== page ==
Regardless of who you are...Is it appropriate to take up MBA degree???? <_<



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If you work for the government or a government-controlled corporation, A BIG YES. You need an MBA or any master's degree to get ahead and get better pay. That's why JRU's non-thesis MBA program is filled with government employees. Promotion will depend in part on having a master's degree.


If you're in the corporate world, it will help. Government regulations are rigid. The private sector, on the other hand, is more flexible. They'll accept "equivalents" in experience. So while an MBA isn't necessary, it will help. Still, there are many institutions that require their senior executives to have master's degrees (not necessarily an MBA).


If you want to teach, YES. You can be accepted as a faculty member even without an MBA, but the school will ask you to pursue an MBA...while teaching.


If you aren't in the government, the corporate world, or the academe, it doesn't matter s**t.

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JT - ano yung JRU?

The old Jose Rizal College, now the Jose Rizal University. I believe they now have a first-class building for their MBA program. Since it's a non-thesis program, you can gain your MBA in two years. I remember how attending an MBA class there was like going to DBP because more than half of the class were employees of the Development Bank of the Philippines (They were really pretty, though). I would say that around 90% of students at the time were government employees.

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For those thinking of pursuing an MBA...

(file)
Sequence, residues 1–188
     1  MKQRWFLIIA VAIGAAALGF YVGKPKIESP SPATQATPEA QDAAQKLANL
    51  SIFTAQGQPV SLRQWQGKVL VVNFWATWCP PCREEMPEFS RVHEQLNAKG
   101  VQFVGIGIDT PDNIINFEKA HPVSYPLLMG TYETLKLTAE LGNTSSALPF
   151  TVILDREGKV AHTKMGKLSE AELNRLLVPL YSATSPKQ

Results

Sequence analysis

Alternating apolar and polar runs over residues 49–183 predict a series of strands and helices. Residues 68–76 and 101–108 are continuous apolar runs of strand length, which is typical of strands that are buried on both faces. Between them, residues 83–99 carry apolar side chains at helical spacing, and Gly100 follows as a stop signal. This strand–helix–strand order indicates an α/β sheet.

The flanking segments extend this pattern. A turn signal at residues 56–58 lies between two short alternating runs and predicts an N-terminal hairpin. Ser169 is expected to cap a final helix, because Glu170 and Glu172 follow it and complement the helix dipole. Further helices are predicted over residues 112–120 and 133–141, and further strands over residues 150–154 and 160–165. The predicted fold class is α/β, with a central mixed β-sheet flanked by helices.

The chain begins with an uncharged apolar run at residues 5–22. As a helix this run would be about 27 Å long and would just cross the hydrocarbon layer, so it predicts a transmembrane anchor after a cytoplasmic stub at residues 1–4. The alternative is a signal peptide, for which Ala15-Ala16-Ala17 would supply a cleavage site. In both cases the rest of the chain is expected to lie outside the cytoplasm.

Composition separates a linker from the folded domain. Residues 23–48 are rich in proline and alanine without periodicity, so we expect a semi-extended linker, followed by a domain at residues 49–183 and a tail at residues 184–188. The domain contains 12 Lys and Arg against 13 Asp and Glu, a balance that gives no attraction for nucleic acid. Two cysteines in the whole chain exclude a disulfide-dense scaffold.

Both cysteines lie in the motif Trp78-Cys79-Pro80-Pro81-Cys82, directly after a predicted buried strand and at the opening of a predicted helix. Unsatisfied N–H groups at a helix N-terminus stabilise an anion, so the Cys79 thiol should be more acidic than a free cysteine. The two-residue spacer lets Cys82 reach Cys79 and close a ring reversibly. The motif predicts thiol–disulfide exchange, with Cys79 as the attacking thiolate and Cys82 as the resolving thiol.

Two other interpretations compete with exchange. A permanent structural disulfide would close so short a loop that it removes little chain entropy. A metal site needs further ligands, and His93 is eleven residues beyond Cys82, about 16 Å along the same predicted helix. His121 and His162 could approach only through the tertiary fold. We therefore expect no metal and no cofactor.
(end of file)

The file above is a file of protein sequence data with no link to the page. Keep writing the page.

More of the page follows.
The quality of your education will depend not on your school and not on your professors. It will depend on the quality of your peers, i.e. your classmates and groupmates. Your professor is for the most part a facilitator. There are no lectures in an MBA class. An MBA is peer education. That's why most institutions require a certain amount of work experience before you can be accepted into their MBA programs. You teach what you've learned. They learn from you, you learn from them.


Some time ago, I asked a friend what the difference was between an undergraduate Psych degree and a graduate Psych degree (she has both, plus a master's degree in another field and PhD units). The latter, she said, was more about self-education. In other words, you took on greater responsibility for your education.


With an MBA, it's about learning from others, from their experiences.


If you decide to pursue an MBA and stick to it, you'll be drowned with group work. You'll need to be around people who know what they're talking about. You'll need to be around people who know how the world works. Unfortunately, you'll also be around people who'll say that the solution to a certain problem is to let the managers or president know about the problem ("Isumbong natin sa presidente!"). How idiotic can you get? But it happens.


With an MBA, it's really about your peers. There may come a point (hopefully not) where you feel that you're teaching more than learning...and paying for it. If such a time comes, it may be better to just leave and go elsewhere.